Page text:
are #1 Sea Ray, #2 Bayliner, #3 Wellcraft, #4 Catalina and #5 Grady-White.
“Sea Ray, with 54,266 boats, is by far the most popular powerboat owned by
BoatUS members followed by Bayliner with 32,712, Wellcraft with 17,565 and
Grady-White with 16,487. Sailboat builder Catalina - with 16,502 - is the
most popular sailboat owned by our readers” said BoatUS Magazine publisher
Michael Sciulla. -- Read on:

While the Olympics sailing events are enduring the light winds of Qingdao,
this week the 18' Skiff International Regatta is relishing the strong summer
winds that San Francisco Bay is known for. A few weeks ago was another Skiff
event on the Bay, the 2008 American Sailing League Premiere event, and
onboard footage from that event has been edited together to provide a taste
of what it’s like to sail these speedsters. Also, if you have a video you
like, please send us your suggestions for next week’s Video of the Week.
Click here for this week’s video:

* Aussie World Champ Seve Jarvin and his ‘Gotta Love It’ team have rolled
through the beginning of the 18' Skiff International Regatta with all
bullets. Daily event reports are being posted in the Scuttlebutt Forum, in
the Sailing Event Reports section:

CALENDAR OF MAJOR EVENTS (Sponsored by West Marine)
Here are a few of the events that are coming up:
Aug 14-15 - Nantucket Yacht Club 12 Metre Regatta - Nantucket, MA, USA
Aug 15-17 - Intl Moth US National Champs - Cascade Locks, OR, USA
Aug 15-17 - Verve Cup Offshore Regatta - Chicago, IL, USA
Aug 16 - U.S. O'pen Cup - New Bedford, MA, USA
Aug 18-20 - Lido 14 Class Championships - Eugene, OR, USA
Aug 19-24 - Knickerbocker Cup - Port Washington, NY, USA
Aug 20-22 - Atlantic Class National Championship - Blue Hill, ME, USA
View all the events at

Reader commentary is encouraged, with letters to be submitted to the
Scuttlebutt editor, aka, ‘The Curmudgeon’. Letters selected for publication
must include the writer's name, and be no longer than 250 words (letter
might be edited for clarity or simplicity). You only get one letter per
subject, and save your bashing and personal attacks for elsewhere. As an
alternative, a more open environment for discussion is available on the
Scuttlebutt Forum.

-- To submit a Letter:
-- To post on the Forum:

* From Mike Brown: I must applaud the organizers and production teams from
the sailing venue! Beyond the fact that some of the links take you to racing
that is not tagged as that particular race, watching from start to finish,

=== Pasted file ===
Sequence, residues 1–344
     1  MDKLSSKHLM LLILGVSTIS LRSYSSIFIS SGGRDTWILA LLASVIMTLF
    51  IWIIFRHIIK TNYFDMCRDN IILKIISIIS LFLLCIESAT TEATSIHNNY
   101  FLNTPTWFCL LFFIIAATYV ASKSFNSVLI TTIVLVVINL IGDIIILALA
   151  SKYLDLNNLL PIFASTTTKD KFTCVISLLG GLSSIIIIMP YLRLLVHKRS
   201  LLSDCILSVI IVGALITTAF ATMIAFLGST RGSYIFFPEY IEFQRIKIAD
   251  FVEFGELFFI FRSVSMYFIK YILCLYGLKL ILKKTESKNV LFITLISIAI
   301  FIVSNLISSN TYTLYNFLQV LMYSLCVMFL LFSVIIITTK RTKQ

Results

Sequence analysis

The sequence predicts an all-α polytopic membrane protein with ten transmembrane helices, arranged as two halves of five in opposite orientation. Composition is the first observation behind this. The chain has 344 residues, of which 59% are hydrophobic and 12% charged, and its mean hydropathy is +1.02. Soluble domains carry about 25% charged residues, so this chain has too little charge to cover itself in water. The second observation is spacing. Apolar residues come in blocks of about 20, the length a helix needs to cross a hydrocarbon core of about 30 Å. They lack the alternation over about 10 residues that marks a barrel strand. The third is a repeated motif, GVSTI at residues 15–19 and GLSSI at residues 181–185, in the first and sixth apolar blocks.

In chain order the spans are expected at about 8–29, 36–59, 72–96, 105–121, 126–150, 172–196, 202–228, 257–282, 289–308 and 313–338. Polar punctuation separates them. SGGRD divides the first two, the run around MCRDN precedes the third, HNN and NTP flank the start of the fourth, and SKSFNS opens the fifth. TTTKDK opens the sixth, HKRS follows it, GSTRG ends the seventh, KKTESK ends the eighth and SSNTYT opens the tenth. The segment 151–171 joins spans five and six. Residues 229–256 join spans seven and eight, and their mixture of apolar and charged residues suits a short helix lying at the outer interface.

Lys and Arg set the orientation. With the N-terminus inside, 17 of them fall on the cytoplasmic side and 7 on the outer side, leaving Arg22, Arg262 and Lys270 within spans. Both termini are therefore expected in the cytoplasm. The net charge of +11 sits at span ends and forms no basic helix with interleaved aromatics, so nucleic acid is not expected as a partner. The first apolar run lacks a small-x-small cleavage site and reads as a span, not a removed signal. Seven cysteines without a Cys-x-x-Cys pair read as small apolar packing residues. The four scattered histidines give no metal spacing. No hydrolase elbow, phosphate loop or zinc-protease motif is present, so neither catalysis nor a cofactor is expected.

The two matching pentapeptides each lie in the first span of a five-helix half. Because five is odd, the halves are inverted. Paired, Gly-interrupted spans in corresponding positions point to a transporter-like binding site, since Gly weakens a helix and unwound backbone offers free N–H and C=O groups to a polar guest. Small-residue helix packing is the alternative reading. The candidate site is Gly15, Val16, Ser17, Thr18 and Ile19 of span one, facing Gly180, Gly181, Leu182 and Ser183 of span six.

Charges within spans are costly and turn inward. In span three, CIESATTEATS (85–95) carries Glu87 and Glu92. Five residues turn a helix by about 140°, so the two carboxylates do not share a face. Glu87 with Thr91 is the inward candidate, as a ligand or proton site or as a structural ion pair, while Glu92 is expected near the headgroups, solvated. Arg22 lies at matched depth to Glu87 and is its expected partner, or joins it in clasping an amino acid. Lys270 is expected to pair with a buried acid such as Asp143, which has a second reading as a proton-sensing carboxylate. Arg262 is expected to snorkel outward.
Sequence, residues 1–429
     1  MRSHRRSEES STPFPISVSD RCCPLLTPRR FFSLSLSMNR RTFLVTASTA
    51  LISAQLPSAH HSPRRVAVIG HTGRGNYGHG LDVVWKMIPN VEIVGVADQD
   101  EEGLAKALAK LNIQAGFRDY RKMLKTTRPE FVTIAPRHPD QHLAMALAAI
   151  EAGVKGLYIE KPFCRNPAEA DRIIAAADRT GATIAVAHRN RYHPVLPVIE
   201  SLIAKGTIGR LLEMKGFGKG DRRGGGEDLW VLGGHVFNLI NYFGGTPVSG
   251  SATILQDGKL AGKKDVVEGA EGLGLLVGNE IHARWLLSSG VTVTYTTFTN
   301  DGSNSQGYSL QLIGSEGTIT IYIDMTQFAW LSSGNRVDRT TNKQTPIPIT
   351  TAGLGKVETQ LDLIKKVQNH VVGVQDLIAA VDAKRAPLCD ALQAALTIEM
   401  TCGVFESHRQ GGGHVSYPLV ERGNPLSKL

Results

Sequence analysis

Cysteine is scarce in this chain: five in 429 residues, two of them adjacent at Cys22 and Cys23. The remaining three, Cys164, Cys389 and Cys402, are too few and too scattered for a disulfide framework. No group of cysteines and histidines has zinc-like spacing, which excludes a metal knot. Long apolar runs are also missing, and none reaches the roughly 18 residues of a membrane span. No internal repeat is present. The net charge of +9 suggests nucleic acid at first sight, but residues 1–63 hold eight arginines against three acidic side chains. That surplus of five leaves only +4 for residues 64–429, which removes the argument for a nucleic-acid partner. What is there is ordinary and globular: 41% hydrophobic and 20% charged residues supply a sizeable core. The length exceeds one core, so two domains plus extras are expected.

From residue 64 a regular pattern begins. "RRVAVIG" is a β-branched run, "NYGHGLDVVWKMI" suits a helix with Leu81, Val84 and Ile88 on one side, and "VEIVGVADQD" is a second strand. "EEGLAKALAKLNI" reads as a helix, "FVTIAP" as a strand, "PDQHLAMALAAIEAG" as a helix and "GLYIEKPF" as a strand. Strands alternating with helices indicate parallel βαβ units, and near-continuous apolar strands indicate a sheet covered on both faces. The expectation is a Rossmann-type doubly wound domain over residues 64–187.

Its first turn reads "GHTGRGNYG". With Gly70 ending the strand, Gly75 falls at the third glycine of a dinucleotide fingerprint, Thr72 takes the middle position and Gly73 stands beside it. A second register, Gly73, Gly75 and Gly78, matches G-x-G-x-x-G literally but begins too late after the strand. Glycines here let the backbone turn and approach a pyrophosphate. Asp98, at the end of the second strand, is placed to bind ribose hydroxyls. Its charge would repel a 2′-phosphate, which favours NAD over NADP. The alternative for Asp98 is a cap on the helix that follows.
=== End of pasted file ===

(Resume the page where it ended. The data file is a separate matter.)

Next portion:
from a sailors perspective is ideal. I can hear all I want about Michael
Phelps, USA's golden child, but I have enjoyed the online NBC coverage of
the sailing events just as much. The overhead copter views, on-boat cameras,
and the sidebar commentary really makes it exciting,...but I love to watch
golf too!

True sailors are loving all the close angled views and mark-roundings,
mainly because when voices can be heard it is pretty cool to hear "I have
room", or "you can not go in there" in multiple languages. Good
stuff...makes me laugh a bit...

=> Curmudgeon’s Comment: Indeed, the NBC website has the featured classes
mismarked. They note the classes that are sailing that day, but do not state
that only the classes that will have the featured coverage are those
scheduled for Course A. Each issue of Scuttlebutt notes which classes will
have coverage. Pending any changes due to weather, here is the schedule for
the rest of the Games:

* From By Baldridge: Concerning the request for Olympic rule interpretations
(in ‘butt 2659), if a boat sails for a period of time with her sail
"Backed", is the boat really still on starboard tack? To back the sail I
can't see where the boat would not either be in the act of tacking, (if the
wind is above close hauled and coming from the port side of the boat), or on
port tack. If the wind is pushing the boat downwind strongly enough the true
wind felt by the anchored committee boat can be 180 degrees from the
apparent wind on the boat.

We are what we repeatedly do. Excellence, then, is not an act, but a habit.
- Aristotle